February 17, 2011 - Posted by Maurice Belanger
This post was written by Forum intern Charles Gillig
It is telling that one of the first acts of the Chair of the House Judiciary Committee, Rep. Lamar Smith (R-TX), was to change the name of the Subcommittee on Immigration, Citizenship, Refugees, Border Security and International Law to the Subcommittee on Immigration Policy and Enforcement. This change reflects a shift away from a focus on achieving comprehensive reform to one that pushes enforcement as the solution to our immigration woes, including what to do about the 11 million undocumented immigrants in the U.S.
The Subcommittee held its initial hearing on January 26, titled, “ICE’s Workplace Enforcement: Up to the Job?” In the hearing, Republican subcommittee members criticized ICE’s current workplace enforcement strategy, which focuses on conducting so-called “I-9 audits,” and hinted at the need for more arrests of undocumented migrants. With the I-9 audit, ICE agents investigate businesses to see if the employers have properly determined whether all their employees can work legally in the U.S. Employers who hire undocumented workers and who fail to keep adequate I-9 records, face government fines anywhere between $100-1,000 for each unauthorized employee. Republicans do not belief that the focus on employers is a sufficient deterrent to illegal immigration.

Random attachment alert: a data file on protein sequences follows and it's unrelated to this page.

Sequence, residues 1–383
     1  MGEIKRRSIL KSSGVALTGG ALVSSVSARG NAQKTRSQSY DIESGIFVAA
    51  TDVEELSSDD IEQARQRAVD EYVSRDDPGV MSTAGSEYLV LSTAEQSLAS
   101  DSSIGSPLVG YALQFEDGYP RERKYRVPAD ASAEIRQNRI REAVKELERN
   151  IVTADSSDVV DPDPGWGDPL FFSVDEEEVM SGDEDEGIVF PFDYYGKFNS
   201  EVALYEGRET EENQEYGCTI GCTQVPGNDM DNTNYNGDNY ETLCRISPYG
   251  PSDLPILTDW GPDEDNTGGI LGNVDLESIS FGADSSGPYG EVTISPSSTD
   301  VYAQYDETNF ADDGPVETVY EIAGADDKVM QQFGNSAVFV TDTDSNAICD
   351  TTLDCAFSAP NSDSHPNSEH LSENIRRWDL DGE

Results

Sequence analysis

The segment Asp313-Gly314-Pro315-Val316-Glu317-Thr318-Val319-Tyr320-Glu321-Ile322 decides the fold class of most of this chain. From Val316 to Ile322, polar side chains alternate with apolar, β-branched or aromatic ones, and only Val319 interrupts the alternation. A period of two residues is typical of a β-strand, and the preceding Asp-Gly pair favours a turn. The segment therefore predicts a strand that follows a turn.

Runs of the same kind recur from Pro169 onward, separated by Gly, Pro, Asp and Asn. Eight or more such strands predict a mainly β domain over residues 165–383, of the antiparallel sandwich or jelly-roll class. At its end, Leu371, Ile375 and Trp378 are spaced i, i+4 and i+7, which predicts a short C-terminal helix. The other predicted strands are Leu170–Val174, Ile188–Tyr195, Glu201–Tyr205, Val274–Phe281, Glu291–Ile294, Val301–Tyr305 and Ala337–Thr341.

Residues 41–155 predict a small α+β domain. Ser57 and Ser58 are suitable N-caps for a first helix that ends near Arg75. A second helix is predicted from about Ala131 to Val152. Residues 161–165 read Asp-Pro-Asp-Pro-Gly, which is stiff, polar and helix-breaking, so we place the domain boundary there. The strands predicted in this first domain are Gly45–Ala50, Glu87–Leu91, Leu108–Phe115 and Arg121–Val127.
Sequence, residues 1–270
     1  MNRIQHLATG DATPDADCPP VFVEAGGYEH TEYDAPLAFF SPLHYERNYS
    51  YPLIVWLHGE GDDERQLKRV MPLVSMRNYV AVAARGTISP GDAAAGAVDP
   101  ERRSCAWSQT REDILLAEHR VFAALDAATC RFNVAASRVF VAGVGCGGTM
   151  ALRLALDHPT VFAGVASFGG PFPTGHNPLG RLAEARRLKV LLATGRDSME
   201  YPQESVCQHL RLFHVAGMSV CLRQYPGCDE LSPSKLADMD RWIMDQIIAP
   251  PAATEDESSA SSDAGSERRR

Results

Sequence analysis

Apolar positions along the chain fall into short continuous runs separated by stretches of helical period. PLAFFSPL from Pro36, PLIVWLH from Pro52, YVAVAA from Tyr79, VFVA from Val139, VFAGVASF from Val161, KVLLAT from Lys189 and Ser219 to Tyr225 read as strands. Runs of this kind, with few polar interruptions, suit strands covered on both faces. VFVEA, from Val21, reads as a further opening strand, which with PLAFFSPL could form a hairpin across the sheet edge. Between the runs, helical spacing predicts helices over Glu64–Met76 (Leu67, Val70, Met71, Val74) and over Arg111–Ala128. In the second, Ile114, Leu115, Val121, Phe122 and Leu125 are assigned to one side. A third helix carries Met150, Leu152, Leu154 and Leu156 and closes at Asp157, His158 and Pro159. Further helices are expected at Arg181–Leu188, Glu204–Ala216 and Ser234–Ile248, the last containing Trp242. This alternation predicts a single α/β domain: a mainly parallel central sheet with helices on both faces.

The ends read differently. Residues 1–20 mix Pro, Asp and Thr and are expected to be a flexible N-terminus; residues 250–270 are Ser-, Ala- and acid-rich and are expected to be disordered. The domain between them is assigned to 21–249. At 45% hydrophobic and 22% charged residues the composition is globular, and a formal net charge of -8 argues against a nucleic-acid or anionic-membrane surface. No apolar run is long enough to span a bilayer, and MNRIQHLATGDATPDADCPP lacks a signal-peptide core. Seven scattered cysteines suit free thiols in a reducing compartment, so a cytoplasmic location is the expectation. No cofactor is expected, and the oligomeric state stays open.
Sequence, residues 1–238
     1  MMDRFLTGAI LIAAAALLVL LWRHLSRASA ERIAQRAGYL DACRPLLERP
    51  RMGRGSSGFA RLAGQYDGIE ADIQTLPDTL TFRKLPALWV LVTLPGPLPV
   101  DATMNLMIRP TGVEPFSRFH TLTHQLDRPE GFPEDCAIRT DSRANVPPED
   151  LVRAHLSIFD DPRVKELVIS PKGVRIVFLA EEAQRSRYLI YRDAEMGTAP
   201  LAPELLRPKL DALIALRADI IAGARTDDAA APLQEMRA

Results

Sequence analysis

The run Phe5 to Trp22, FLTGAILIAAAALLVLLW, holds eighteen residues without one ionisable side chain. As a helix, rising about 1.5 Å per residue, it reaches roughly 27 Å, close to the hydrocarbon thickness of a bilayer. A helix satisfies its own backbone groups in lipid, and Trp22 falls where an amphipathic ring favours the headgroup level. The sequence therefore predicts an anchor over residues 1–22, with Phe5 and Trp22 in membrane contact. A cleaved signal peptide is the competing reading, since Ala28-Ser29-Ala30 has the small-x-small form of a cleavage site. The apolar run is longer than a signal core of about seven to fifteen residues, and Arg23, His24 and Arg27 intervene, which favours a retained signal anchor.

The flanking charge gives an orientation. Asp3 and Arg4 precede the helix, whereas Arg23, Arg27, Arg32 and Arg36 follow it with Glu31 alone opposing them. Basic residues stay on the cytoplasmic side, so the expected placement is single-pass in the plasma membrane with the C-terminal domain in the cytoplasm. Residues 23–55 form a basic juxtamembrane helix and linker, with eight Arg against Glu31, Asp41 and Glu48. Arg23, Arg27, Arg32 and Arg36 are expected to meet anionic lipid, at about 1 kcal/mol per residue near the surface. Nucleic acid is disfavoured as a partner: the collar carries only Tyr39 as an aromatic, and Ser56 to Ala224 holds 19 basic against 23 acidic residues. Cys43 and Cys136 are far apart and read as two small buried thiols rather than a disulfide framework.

In an attempt to defend the efficacy of the audits, ICE Deputy Director Kumar Kibble emphasized that ICE was “aggressively pursuing” employers who hired undocumented immigrants and that ICE had “record-breaking results” in the past fiscal year. In FY 2010 ICE set news marks for worksite enforcement investigations (2,746, up from the previous high of 1,191 in FY2008), arrests of employers for work-site violations (196, up from the previous high of 135 in 2008), and they shattered their marks for fines handed out to employers ($7 million up from $1 million in FY2009). Still, Kibble’s comments and numbers did not satisfy Republican members. Subcommittee Chairman Elton Gallegy (R-CA)—perhaps not having paid attention to the testimony—said that ICE was “failing to enforce U.S. laws” and admonished the organization for allowing illegal immigrants to take American jobs. The solution professed by the Republican members: restart workplace immigrant raids. One Republican witness said that raids should be part of what he called “full spectrum enforcement”—a new name for the same old failed strategy of enforcement-only.